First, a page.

For the past week or so, I’ve been receiving emails from MoveOn.org requesting that we refuse to run letters to the editor that deny climate change.
When I first saw this request — in the form of an online petition started by a Burbank resident — I was, well, confused. I do not remember running a single letter in my five years at the paper that addressed climate change. I might as well have received a request to refuse to run letters regarding the Detroit Lions and their playoff chances. (They don’t have a prayer, by the way.)
The petition asked the Burbank Leader to follow the lead of our parent company, the Los Angeles Times, and decline to give climate change deniers any ink on the letters page. I suspect another reason was to get the paper to write a story about the request, but that’s neither here nor there.
In terms of their aims, I agree with the spirit. Climate change is real. It was brought about by us, and a failure to reduce human-made emissions will — and has already — created major problems for humankind.
The science behind this is well-established, and the opposition to it has little to back up its shrill claims of denial. At best, the deniers have been duped; at worse they are willfully ignorant, sticking to their nonsensical claims for more venial reasons.
But it also raises an uncomfortable issue in journalism: When do you call B.S.? Journalists often get teased, or worse, due to their almost reflexive tendency to acknowledge the other side in a debate, regardless of how ridiculous. (You say the world is round? We’ll find you seven experts who say it’s flat, and one that claims it’s actually a trapezoid.)
In a word, that’s why The Times decided it would no longer run letters on the subject. Its letters policy, due to its size, is far more closed. They do not run all letters they receive; they don’t even run most of them. In general, if they receive a hundred letters from different people on the same subject, they would probably only run one or two representative missives.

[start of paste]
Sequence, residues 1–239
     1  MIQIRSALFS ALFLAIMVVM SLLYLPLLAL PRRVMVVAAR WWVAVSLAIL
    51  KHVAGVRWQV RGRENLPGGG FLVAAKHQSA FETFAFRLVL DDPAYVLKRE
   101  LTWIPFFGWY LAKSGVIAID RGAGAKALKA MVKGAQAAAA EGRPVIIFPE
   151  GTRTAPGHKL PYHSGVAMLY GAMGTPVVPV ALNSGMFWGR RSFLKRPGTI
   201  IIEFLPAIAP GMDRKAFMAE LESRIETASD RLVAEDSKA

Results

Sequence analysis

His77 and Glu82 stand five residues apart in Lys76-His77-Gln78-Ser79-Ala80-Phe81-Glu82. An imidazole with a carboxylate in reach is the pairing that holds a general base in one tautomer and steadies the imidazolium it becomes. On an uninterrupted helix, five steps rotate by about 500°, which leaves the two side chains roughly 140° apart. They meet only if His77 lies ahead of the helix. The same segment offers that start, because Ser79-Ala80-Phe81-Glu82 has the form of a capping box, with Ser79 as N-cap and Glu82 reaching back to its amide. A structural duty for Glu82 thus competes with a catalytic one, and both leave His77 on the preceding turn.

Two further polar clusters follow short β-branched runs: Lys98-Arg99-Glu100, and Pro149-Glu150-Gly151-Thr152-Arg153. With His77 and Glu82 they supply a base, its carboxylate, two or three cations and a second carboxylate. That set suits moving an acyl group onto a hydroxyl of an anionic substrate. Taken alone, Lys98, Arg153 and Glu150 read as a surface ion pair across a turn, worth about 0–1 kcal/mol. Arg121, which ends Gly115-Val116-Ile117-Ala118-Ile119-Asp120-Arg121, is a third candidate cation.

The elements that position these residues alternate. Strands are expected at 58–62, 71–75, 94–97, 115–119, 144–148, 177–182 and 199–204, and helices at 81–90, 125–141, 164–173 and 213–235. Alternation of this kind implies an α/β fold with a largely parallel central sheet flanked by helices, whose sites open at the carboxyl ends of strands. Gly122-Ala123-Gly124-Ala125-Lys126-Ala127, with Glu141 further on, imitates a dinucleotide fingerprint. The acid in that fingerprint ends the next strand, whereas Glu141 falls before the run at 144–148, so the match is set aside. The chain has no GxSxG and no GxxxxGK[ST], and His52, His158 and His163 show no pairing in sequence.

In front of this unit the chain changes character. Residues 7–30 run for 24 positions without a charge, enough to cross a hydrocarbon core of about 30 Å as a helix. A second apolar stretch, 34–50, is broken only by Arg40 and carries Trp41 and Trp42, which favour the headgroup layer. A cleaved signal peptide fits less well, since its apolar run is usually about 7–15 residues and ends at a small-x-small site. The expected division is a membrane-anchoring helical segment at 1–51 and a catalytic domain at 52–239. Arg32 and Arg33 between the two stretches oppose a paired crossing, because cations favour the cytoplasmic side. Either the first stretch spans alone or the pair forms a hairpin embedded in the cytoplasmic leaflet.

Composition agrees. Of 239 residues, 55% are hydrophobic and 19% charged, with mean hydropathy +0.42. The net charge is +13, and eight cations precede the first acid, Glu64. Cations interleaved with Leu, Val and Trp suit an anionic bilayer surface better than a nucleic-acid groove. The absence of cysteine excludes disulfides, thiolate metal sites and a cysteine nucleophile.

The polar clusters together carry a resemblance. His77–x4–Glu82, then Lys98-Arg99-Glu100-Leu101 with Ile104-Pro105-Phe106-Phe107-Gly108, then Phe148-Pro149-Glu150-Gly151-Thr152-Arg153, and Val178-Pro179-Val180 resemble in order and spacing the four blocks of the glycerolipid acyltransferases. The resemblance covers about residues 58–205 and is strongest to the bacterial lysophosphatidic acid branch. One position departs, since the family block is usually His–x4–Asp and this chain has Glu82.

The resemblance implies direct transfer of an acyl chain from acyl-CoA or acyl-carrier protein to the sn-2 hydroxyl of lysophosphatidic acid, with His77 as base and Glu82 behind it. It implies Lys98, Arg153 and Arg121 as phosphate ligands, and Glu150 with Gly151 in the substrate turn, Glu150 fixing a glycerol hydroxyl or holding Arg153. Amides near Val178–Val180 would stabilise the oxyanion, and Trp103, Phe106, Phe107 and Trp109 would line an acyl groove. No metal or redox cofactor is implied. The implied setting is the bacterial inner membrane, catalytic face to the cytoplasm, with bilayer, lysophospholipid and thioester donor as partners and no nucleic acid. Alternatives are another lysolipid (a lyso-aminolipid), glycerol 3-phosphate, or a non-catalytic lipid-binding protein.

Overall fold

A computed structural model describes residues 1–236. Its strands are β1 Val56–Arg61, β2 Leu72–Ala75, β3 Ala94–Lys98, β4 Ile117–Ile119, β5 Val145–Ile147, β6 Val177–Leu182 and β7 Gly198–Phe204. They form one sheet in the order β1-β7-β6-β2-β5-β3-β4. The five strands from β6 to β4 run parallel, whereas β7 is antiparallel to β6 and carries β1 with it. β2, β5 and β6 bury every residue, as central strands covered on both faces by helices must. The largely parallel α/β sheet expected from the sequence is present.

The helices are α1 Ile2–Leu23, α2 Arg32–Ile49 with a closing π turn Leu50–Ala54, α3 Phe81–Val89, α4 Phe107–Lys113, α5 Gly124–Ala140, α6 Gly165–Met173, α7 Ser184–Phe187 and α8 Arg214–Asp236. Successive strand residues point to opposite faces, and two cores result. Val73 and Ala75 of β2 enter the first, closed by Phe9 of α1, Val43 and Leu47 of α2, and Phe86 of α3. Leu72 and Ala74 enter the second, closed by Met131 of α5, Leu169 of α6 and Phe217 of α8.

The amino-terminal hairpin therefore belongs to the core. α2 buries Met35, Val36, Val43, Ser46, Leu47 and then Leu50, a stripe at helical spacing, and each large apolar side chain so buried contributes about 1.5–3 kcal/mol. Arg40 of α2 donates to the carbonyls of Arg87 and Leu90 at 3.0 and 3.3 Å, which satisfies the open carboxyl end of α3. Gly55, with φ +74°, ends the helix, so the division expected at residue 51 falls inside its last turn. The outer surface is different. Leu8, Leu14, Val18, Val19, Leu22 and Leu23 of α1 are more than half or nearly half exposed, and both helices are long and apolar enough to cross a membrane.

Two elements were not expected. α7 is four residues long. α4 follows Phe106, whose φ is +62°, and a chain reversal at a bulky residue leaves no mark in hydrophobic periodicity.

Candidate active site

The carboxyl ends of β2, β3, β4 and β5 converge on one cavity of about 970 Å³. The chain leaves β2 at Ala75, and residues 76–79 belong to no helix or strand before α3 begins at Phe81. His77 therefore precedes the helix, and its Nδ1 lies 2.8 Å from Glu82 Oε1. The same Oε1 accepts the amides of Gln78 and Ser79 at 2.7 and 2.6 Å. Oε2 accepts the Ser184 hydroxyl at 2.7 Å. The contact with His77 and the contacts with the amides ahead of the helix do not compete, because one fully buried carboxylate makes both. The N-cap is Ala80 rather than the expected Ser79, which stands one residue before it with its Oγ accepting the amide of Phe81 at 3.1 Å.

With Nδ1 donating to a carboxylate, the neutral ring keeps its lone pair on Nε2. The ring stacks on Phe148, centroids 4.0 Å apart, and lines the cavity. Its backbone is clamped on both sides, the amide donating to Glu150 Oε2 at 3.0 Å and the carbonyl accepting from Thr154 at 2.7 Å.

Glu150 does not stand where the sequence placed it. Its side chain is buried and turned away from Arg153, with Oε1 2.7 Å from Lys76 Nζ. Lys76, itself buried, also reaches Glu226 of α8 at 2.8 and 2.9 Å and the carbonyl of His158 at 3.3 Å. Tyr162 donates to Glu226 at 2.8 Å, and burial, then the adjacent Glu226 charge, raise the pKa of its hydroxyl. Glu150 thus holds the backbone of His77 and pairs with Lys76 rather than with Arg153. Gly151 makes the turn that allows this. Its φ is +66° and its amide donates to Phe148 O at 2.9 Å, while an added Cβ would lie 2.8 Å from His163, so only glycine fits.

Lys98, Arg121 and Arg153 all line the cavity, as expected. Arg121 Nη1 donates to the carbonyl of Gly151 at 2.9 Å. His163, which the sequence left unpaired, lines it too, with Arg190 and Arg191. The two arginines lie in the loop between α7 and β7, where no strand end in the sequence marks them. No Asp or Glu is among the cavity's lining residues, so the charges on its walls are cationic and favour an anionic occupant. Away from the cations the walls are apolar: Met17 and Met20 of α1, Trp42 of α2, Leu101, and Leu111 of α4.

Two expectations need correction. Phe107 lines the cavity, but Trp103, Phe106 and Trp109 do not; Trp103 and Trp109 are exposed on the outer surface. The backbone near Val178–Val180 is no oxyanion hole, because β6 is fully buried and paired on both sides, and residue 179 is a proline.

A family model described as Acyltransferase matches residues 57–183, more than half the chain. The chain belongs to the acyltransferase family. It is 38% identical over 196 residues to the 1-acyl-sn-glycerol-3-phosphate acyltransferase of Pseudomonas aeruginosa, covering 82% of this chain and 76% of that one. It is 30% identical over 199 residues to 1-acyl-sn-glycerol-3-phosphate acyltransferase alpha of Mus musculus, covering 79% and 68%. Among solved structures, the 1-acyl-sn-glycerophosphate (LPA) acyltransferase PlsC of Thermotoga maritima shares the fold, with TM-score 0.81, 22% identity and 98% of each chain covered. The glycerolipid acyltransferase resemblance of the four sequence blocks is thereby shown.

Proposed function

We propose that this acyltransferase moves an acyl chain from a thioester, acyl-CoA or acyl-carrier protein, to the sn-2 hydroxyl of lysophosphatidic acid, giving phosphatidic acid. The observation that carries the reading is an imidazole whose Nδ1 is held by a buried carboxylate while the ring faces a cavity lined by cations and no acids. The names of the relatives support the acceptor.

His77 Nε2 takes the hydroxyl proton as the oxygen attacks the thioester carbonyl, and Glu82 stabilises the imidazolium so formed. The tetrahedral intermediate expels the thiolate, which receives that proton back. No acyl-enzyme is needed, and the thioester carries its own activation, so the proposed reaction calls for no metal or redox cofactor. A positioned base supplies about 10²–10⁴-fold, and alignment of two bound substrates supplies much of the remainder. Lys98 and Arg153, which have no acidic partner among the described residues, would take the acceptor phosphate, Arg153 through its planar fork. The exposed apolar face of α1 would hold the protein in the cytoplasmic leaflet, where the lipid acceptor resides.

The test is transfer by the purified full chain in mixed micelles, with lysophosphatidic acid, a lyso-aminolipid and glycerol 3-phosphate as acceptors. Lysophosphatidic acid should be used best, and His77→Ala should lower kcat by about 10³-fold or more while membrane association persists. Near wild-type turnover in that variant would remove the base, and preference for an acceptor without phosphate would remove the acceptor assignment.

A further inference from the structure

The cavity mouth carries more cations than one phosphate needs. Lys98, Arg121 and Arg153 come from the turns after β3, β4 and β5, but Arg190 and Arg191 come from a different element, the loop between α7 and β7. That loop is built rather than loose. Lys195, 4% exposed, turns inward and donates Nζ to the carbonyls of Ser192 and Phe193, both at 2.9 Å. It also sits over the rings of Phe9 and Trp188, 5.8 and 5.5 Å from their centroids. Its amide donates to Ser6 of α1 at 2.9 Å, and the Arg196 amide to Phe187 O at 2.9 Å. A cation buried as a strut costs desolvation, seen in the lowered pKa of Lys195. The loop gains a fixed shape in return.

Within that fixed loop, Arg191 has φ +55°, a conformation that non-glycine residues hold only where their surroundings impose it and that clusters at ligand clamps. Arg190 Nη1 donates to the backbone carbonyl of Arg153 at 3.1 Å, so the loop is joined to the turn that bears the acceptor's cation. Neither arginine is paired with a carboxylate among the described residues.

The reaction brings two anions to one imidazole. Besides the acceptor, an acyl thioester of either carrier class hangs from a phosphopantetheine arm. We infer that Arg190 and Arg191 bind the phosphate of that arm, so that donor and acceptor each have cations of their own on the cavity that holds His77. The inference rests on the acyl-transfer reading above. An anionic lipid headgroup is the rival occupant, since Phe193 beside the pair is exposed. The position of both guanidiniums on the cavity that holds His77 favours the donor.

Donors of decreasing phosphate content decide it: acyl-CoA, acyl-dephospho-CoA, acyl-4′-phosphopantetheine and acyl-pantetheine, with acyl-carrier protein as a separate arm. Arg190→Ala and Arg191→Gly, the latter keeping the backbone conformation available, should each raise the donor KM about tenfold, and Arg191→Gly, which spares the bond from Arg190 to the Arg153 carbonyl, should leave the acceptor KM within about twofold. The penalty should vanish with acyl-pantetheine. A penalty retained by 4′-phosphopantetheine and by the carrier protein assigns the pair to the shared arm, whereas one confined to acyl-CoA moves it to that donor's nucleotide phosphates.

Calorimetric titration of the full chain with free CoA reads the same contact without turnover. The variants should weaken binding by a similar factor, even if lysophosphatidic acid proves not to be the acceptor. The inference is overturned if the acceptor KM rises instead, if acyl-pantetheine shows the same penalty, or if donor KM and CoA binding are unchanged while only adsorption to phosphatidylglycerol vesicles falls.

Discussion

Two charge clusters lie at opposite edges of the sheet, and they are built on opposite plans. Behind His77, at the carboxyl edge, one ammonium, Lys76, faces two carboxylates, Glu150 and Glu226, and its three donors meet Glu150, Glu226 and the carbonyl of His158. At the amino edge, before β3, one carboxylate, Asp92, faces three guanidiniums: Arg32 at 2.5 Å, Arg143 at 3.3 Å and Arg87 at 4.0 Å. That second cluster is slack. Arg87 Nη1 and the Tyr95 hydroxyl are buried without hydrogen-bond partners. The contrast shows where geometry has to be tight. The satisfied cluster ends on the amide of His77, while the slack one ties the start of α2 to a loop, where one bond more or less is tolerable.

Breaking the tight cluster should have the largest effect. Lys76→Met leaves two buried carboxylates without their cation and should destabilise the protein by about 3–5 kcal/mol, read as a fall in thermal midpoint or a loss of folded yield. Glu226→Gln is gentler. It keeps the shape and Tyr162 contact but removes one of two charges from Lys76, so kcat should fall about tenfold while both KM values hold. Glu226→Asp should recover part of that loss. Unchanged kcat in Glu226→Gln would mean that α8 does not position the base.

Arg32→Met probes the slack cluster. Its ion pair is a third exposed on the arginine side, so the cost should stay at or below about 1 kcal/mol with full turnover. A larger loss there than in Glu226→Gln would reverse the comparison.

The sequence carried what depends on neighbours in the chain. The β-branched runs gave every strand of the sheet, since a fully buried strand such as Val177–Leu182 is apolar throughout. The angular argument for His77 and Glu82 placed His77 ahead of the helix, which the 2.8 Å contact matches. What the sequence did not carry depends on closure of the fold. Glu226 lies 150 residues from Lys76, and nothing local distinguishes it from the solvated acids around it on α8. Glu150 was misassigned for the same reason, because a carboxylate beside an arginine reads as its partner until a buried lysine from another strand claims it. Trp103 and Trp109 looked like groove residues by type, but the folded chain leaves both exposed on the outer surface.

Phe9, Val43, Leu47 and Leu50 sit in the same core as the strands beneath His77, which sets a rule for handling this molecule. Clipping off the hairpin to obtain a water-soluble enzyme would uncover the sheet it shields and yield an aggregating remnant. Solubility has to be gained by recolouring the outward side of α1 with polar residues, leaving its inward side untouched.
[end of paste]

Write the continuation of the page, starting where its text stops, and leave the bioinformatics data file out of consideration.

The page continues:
The Leader and News-Press, on the other hand, try to run pretty much everything we receive, with one main caveat. The letters need to be about local issues or written by locals, and preferably both.
I cannot tell you how many “op-eds” I have received over the years from both liberal and conservative groups, urging me to run pieces about “The War on Christmas,” or urging the impeachment of President Obama, or other such tripe. I received no less than 200 oddly similar letters to the editor that urged the immediate release of Pfc. Bradley Manning of WikiLeaks fame.
We ran none of these letters. The mission of this paper is to serve the cities named in the masthead. That’s all.
But back to climate change, and when journalists should use their own judgment to call a spade a spade. To the MoveOn.org petitioners: Sure, you got it. We will not run any letters that deny climate change. But unless there was a strong local angle about the subject, I would be hard pressed to run any letters, with any view, on the subject at all. Until the Verdugos foothills become beachfront property, anyhow. (I kid, I kid.)
I do believe that newspapers and journalists should take a stand on matters of importance. That’s why we have an editorial page, and why we have columnists. But the staff writers need to be seen as fair dealers, as does the paper as a whole. That’s why we run letters that criticize our coverage or ones that directly oppose ideas the editorial board has supported. The letters we ran decrying the board’s support for the comfort-women statue is a prime example of this.
So, in the end, the writers and editors of the Leader and News-Press need to quote and listen and write about people whose views seem out of the mainstream. And we need to print their letters, even when they seem odd or even ridiculous.
But, as the MoveOn.org petition notes, sometimes there is a point where’s it’s too much. That line is a bit squishy, I’m afraid, but the practice of journalism isn’t exactly an exact science.
DAN EVANS is the editor. He can be reached at (818) 627-3234 or email@example.com.